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All Blog Posts | Next Post | Previous Post# Lambdas in FlexCel

#### Thursday, April 1, 2021

As you might know, some months ago Microsoft released support for lambda functions in Excel. It was no small change: Lambdas turned the calculation engine into turing-complete, and they can change your spreadsheets in fundamental ways.

The main reason why you might want lambdas is that they allow you to define user-defined functions in a spreadsheet, using only other formulas. No VBA or macros required. But Lambda functions are much more: they are real first-class functions that you can pass around. They can even do variable captures like a Lambda in C# or an anonymous method in Delphi.

Even with them being only months old, there are a lot of articles and posts about them. So we will not repeat those here, and we will instead focus on a question that we have heard a lot lately: **When is FlexCel going to support Lambdas?**

And the answer is, of course, today. But wait! Let me look at the date... and let me look at the other post today on this site about running FNC in a Sperry Univac Uniscope 200... What can I say? Lambdas weren't supposed to ship on April 1st; they were supposed to ship weeks ago. But we kept finding small stuff to polish. As it is usual in FlexCel development, we wanted to cover all cases that we could and make sure everything worked as it should. And as it is usual too, we were late and I am writing this post in April 1st.

You can download FlexCel 7.9 on our site, and start adding lambdas and lets everywhere. Just the usual advice: "With great power comes great responsibility". As powerful as they are, it is simple to abuse them and end up with spreadsheets only a mother could love. Or understand.
I've already seen pages-long lambdas written in many places, and one has to wonder how you are supposed to debug those formulas once something goes wrong. Right now, Excel tools for debugging lambdas are quite poor.

#### Tales from the trenches

Following a one post tradition, I am reviving the "tales from the trenches" section for this post. This is the section where I write about small details we find in our daily development. Of course, every day has a different tale, so I've chosen one at random to close this entry.##### Schrödinger parameter names.

When we wrote the validation code for parameter names, we assumed that they would follow the same rules as Excel names. In particular, you can't have a name that is also a valid cell reference. So you can't have a name named "A1" or "R1C1". You can't either name a name "R" or "C" since that means "Full Row" and "Full Column" in R1C1 notation.But, while you can't name a parameter "A1", you can name it "C". So how does this work? How does Excel know that when I write "=Sum(C)" I refer to the parameter C and not to the entire column?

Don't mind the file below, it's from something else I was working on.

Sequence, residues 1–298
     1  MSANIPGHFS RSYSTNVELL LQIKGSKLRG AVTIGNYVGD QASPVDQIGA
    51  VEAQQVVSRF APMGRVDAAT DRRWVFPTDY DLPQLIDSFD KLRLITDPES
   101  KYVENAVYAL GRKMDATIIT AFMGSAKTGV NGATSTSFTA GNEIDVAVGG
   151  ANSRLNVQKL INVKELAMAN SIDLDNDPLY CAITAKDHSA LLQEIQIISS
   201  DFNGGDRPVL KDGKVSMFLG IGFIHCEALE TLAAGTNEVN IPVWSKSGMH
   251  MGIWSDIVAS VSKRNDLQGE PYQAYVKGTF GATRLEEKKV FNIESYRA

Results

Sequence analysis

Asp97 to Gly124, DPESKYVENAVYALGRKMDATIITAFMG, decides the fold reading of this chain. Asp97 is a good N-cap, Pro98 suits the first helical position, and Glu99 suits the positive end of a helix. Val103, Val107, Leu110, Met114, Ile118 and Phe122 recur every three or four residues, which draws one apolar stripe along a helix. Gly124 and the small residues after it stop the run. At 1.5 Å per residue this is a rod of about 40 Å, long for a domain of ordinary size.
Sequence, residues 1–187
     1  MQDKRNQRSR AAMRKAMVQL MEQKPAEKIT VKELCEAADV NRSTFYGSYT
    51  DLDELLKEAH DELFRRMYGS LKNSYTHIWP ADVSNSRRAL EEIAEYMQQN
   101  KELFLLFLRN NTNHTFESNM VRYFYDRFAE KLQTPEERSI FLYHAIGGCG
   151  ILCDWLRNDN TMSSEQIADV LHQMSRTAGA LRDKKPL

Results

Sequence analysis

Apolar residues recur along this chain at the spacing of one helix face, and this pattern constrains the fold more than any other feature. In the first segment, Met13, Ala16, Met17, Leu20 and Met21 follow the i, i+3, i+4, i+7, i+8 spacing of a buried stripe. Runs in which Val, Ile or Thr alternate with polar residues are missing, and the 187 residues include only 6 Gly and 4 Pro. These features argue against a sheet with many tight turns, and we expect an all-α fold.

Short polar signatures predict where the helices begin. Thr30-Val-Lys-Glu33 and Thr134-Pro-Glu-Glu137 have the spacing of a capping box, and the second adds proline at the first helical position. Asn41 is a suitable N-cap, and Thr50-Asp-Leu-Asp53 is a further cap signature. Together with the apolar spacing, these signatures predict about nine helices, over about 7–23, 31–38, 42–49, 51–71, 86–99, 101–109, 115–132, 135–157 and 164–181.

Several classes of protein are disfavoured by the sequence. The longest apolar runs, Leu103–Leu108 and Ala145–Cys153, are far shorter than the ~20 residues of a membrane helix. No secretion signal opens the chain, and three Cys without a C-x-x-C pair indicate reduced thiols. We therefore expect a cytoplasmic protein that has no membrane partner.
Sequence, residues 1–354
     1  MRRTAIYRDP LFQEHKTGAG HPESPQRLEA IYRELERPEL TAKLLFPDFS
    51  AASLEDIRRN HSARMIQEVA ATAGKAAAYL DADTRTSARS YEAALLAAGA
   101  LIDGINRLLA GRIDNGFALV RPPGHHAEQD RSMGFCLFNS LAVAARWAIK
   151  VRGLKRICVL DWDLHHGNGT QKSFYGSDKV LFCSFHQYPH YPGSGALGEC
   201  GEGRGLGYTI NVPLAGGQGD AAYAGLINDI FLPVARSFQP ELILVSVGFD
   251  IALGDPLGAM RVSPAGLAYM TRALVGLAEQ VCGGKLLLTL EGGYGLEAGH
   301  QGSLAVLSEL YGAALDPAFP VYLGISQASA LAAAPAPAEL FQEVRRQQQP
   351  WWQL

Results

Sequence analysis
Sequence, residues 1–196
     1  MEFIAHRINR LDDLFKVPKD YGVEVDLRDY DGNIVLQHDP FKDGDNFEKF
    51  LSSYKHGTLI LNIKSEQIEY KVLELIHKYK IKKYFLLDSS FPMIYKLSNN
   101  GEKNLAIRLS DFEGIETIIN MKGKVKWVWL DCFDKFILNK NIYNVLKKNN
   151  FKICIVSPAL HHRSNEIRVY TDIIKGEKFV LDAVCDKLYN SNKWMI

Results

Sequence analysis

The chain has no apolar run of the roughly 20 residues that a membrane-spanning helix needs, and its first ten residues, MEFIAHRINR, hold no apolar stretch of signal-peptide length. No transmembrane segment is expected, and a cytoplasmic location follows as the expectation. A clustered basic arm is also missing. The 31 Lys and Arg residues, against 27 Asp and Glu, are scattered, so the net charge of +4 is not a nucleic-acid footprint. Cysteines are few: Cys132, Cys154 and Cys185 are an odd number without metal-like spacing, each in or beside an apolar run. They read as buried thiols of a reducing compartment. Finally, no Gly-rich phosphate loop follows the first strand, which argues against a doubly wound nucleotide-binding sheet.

The only way to find out was to try it, so I set the reference mode in Excel to R1C1, and went to write the formula `=Lambda(C,Sum(C))`

It gave an error of invalid name. So I tried now with `=Lambda(A1,Sum(A1))`, and Excel happily accepted it.

**Valid parameter names depend on the reference mode you are using**. And we coded FlexCel the same way: If you are in R1C1, FlexCel will allow "a1" as parameter name, but no "C" or "R". If you are in A1 mode, the reverse.

Now, if you are like us, this probably raised even more questions. The formulas are saved to xlsx files as text, but always in A1 reference style.

So imagine we are in Excel in R1C1 mode and write the formula `=LAMBDA(A1, A1 *R1C1)`

As formulas in xlsx files are saved in A1 notation no matter the mode, this would be saved as `=LAMBDA(A1, A1 * A1)`. But the first A1 in the expression is the parameter, and the second is a cell reference. And if you try it, you'll see that Excel figures out which is which.

As you can see below, the formula =Lambda(A1, A1+A1) is evaluating to 10: Cell A1 is 7 and parameter A1 is 3. So the sum is 10.

But if you want to edit the formula, it will not let you, as it won't be able to figure out which A1 is which.

Ok, so where is the trick? Because you can't know which one is which one from the formula above. Luckily the answer is simple: the formulas in xlsx are saved as `=**xlfn.**LAMBDA(**xlpm.**A1, **xlpm.**A1 * A1)`, so when reading the file, you can know which ones are parameters and which are cells. And yes, I can hear you say: What if I name a parameter "xlpm.A1"? The answer is that you can't, because dots are not allowed in parameter names. All bases are covered.

Adrian Gallero

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